Victoria: Victoria County Master Gardner Association will hold its 2014 home garden tour Saturday, April 26, 9 a.m.-5 p.m., and Sunday, April 27, 11 a.m.-5 p.m. This year the event will feature seven homes. Each of the homes is in Victoria at the following addresses: 403 Woodlands Lane, 6010 Country Club Dr., 6043 Country Club Dr., 604 N. Craig St., 6041 Country Club Dr., 408 Edgewater, and 303 Charleston. Tickets may be purchased at each location. Admission is $15 and includes entrance of all of the gardens.


La Marque: "The Joy of Daylilies" with Nell Shimek, 6:30-8 p.m., April 29, at Galveston County AgriLife Extension in Carbide Park, 4102 Main, La Marque. Ph 281-534-3413; email reservation to galv@wt.net, further details www.aggie-horticulture.tamu.edu/galveston. Free.


Austin: The Inside Austin Gardens tour features six gardens of exemplary quality and design. The tour is presented by Travis County Master Gardeners Association in cooperation with the Travis County AgriLife Extension Service on Saturday, May 3, from 9 a.m. until 4 p.m. Tour includes gardens to explore, continuous one-on-one educational offerings, kids' activities, and book sales. Complete tour information can be found at www.InsideAustinGardens.org. Purchase tickets online or at each garden on tour day. Cash, CC accepted at gardens. Further information including addresses, educational topics, maps, kid's activities and ticket prices can be found at www.InsideAustinGardens.org.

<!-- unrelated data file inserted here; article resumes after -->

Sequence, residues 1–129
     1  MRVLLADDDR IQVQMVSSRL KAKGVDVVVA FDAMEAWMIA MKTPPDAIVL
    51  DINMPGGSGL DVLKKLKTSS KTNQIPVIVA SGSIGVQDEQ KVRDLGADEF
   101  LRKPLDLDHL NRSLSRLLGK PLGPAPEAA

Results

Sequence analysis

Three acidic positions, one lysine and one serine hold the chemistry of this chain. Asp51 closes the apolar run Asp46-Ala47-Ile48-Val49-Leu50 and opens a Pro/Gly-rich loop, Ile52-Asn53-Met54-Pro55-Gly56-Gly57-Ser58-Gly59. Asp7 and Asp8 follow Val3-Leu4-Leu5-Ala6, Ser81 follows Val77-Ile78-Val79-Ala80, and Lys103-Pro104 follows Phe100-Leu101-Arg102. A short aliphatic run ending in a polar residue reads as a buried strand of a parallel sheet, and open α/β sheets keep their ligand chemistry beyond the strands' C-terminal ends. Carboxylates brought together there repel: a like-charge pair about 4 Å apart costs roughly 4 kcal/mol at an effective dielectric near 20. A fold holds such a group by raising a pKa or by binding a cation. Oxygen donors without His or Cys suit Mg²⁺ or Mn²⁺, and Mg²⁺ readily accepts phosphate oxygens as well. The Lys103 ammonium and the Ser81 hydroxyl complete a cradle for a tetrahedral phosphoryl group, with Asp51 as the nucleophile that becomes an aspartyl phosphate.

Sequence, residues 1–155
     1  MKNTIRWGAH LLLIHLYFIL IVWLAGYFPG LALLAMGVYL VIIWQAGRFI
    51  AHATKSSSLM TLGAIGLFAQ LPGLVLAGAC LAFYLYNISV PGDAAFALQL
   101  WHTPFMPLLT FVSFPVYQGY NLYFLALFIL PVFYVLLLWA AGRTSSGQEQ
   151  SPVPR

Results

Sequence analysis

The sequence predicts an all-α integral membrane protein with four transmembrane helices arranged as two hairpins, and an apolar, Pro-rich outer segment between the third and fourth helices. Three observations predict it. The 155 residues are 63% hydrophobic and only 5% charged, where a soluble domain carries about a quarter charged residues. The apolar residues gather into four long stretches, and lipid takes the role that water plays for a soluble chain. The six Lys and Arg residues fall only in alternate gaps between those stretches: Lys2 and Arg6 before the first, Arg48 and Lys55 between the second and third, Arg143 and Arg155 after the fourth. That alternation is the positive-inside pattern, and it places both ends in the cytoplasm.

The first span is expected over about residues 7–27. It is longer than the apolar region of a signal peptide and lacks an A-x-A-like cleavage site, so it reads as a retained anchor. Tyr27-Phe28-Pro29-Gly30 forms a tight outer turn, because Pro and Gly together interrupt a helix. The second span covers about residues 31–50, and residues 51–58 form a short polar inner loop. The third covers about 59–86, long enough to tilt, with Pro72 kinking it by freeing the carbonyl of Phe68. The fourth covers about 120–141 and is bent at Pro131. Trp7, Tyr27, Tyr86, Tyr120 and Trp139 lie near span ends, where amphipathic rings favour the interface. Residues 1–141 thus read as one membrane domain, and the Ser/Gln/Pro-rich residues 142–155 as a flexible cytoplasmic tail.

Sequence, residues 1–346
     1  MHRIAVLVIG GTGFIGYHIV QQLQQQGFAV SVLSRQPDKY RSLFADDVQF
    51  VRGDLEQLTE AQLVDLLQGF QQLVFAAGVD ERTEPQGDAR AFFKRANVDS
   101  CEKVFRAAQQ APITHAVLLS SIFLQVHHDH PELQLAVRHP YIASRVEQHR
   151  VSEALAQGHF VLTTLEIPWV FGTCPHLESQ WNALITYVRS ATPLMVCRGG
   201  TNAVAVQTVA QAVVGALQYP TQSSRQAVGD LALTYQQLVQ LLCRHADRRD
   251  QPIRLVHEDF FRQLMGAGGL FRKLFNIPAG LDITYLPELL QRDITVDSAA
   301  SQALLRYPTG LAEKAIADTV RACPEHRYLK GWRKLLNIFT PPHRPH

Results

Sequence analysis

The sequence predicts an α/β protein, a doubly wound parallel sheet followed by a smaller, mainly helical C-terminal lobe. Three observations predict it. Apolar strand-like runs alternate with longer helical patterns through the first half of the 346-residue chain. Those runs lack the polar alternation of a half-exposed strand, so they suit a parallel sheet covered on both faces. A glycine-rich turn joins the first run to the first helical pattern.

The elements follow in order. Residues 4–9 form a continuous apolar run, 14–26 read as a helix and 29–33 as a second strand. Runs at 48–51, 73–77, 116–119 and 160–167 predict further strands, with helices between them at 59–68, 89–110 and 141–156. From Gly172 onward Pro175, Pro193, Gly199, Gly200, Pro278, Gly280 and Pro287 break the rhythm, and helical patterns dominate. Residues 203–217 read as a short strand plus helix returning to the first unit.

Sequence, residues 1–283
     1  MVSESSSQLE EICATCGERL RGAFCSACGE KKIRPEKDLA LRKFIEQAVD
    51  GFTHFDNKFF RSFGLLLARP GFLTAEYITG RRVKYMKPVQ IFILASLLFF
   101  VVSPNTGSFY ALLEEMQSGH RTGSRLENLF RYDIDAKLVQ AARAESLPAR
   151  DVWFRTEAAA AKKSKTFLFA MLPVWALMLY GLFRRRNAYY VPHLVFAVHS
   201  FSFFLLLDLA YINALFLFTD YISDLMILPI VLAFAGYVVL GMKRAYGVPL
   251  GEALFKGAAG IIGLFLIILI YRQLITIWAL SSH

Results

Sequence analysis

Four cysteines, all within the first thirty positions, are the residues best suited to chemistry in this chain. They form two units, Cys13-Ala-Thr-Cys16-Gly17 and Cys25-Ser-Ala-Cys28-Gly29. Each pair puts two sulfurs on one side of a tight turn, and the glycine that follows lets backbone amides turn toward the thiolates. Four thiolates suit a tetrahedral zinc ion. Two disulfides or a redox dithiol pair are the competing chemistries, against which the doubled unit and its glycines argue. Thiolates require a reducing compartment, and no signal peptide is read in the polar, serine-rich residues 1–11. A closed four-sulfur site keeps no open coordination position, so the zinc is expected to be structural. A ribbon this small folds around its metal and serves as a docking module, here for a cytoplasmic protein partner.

San Antonio: Gardening Volunteers of South Texas presents "Watersaver Landscape Design School" Saturday, May 31, 9 a.m. to 1 p.m. at San Antonio Garden Center, 3310 N. New Braunfels, San Antonio. Four presentations on Basic Principles of Low Water Landscapes, Design Ideas, Plants That Thrive in the San Antonio area, and Understanding and Scheduling Your Drip Irrigation System. $25 or $40 for household of two people. Includes three full color plant and landscape guides, and a CD version of the book "Drip-Line Gardening." After enrolling, you will receive graph paper to draw your yard and/or ideas to bring with you for one-on-one idea consultations after the presentations. Find more information and an enrollment form on the GVST website at www.GardeningVolunteers.org or info@gardeningvolunteers.org.